Marin to seek clarification on application of mask mandate in schools – Marin Independent Journal



Marin’s top public health official said on Tuesday he was conferring with state officials to get more details on plans to enforce the state’s indoor mask mandate as it affects Marin’s K-12 public schools.

Marin’s public health official Dr Matt Willis said new language posted Tuesday on the California Department of Public Health website “still says that K-12 students should hide themselves in indoors in all schools in California, but appears to have moved the app to the school level. “

Willis said he and other Marin officials would “seek clarification on the state of the exact meaning of this new language and work with the school administration to develop a plan for Marin schools.”

Willis’ comments come after the state confirmed on Monday that masks will be required for all students and staff in public schools from Kindergarten to Grade 12 statewide, regardless of immunization status.

As part of those guidelines, the state initially said Monday afternoon that all students who refused to wear a mask would be banned from entering campuses in accordance with state regulations.

Hours later, the state shifted gears, saying the decision on how to enforce mask rules would go to local districts.

“As per the guidelines for the 2020-21 school year, schools must develop and implement local protocols to enforce mask requirements,” the state’s public health website now states. “In addition, schools should provide alternative educational opportunities for students excluded from campus because they will not be wearing face coverings.”

One option for alternative education could include offering independent study programs for the 2021-22 school year to students who refuse to wear a mask, the website says. The state also stressed that accommodations will be made for children who cannot wear masks due to a health problem or for students who forget to bring a mask to school.

The change in California’s school mask regulations comes as Marin County public health officials announced the release of a new dashboard to monitor cases of COVID-19.

Marin sees an increase in the number of cases since June 15, when there was a statewide reopening and also more variants in circulation, according to the county’s announcement.

According to county data, 12 people have been hospitalized in Marin for COVID-19 since June 1; all but one were not vaccinated. The two most recent deaths in Marin, in early May, were unvaccinated residents, Marin’s public health official Dr Matt Willis said on Monday.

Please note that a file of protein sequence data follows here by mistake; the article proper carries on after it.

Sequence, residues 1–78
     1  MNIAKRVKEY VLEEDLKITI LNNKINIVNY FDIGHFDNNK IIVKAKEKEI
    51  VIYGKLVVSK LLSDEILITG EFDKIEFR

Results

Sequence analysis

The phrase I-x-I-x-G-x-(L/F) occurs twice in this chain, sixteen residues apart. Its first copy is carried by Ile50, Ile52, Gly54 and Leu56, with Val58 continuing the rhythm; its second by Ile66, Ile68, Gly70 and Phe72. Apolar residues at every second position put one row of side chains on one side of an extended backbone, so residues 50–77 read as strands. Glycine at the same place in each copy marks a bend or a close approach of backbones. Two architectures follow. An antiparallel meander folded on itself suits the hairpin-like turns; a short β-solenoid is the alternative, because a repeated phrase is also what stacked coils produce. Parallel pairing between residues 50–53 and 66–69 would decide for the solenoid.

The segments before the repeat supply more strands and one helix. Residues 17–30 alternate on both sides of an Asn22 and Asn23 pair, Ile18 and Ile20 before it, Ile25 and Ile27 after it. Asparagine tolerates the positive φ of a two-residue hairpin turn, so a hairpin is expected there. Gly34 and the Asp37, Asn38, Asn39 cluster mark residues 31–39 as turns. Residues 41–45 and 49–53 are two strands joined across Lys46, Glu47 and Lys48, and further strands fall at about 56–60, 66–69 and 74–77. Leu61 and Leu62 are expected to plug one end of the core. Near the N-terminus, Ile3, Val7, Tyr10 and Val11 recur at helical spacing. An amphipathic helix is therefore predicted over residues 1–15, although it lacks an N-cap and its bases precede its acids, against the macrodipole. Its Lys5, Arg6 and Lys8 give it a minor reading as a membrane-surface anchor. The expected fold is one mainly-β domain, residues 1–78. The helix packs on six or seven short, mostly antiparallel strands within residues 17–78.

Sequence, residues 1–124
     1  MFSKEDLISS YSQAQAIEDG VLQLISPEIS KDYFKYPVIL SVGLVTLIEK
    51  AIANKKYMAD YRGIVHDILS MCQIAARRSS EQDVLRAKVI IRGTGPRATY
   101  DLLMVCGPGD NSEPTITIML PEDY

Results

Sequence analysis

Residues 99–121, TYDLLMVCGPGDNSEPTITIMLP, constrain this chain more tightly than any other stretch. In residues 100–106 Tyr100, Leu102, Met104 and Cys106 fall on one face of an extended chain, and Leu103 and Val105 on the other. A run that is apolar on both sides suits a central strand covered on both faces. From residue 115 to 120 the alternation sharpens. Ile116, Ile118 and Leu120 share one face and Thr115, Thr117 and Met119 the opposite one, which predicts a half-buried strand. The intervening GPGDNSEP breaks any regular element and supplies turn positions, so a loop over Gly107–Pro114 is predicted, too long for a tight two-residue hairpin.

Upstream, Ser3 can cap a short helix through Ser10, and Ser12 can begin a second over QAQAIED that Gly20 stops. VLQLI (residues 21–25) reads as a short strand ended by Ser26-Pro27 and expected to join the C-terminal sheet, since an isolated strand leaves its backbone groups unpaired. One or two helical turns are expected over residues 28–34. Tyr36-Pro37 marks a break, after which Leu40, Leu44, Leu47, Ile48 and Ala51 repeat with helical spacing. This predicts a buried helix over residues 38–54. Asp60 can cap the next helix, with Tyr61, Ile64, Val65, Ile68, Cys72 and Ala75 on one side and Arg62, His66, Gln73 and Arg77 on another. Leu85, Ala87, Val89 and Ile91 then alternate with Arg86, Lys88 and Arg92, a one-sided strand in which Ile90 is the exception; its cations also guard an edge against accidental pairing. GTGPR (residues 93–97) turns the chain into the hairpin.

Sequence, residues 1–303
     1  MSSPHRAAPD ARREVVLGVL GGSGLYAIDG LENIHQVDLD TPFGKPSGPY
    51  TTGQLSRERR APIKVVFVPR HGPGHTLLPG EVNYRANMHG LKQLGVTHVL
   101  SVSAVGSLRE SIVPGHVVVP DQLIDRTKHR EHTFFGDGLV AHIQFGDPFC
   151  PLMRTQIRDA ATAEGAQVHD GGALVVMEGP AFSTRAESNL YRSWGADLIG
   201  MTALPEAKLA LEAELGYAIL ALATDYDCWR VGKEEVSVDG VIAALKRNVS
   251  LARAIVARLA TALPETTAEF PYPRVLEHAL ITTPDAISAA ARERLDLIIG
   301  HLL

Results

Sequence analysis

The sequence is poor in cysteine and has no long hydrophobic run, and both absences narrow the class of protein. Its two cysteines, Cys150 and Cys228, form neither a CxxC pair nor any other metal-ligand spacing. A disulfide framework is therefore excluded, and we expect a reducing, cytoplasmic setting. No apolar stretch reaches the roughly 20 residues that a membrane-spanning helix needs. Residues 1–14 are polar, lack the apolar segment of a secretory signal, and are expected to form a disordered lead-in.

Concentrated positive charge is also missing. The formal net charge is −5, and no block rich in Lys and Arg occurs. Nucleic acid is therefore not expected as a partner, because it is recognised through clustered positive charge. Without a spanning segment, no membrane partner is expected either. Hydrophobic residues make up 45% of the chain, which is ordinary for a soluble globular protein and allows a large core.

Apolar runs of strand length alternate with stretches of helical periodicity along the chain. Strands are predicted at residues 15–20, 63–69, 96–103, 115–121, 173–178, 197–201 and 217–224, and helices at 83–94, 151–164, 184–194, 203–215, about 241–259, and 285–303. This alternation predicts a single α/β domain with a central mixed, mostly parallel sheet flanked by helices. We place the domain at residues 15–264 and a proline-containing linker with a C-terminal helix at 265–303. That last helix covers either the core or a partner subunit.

“Sharing this information helps people see for themselves – not getting vaccinated puts you at a real risk of infection and more serious illness,” said Willis. “It is important to know that vaccines are effective against the variants that we see. “

State guidelines on universal masking, published and repeatedly updated on the state’s public health website, contradicted recommendations released on Friday by the United States Centers for Disease Control and Prevention, which indicated that fully immunized students and school staff did not need to wear masks indoors. The CDC said students and staff could ditch the masks if they kept a distance of 3 feet between them.

Although it differs from the CDC on mask use, the state says it conforms to the CDC’s “core principle” that “all students should have access to safe and comprehensive in-person education and to as much teaching time as possible. . “says the site.

California’s strategy, the website says, includes a continued focus on vaccination, universal masking in schools, “more targeted quarantine practices” and a robust testing program. As for the CDC’s recommendation to maintain 3 feet of distance between students, the state says this won’t be necessary if the other layers of protection are used.

“Recent evidence indicates that in-person training can be conducted safely without minimum physical distancing requirements when other mitigation strategies (eg masking) are fully implemented,” the website says. the state. “Masks are one of the most effective and simple layers of safety mitigation to prevent school transmission of COVID-19 infections and to support full-time in-person education at K schools -12. “

The state has set a deadline of November 1 to reassess the mask guidelines and see if the same protocols should continue.

Willis said universal masking made sense for several reasons.

“The rationale for elementary school students is, as reported last week, that they are too young to be vaccinated,” Willis said in an email Monday. There is no coronavirus vaccine available for children 12 and under yet.

“The rationale for middle school and high school students is that not all are vaccinated,” added Willis. “The process of reliably identifying and calling unvaccinated students for a separate set of rules seemed unrealistic and stigmatizing.”

Additionally, “the delta variant spreads faster across the state and is more contagious,” Wllis said. “This increases the risk of outbreaks in schools – so now is not the time to relax the measures that protected schools before the emergence of the variant.”

A public webinar for Marin School families is scheduled for August 4th.


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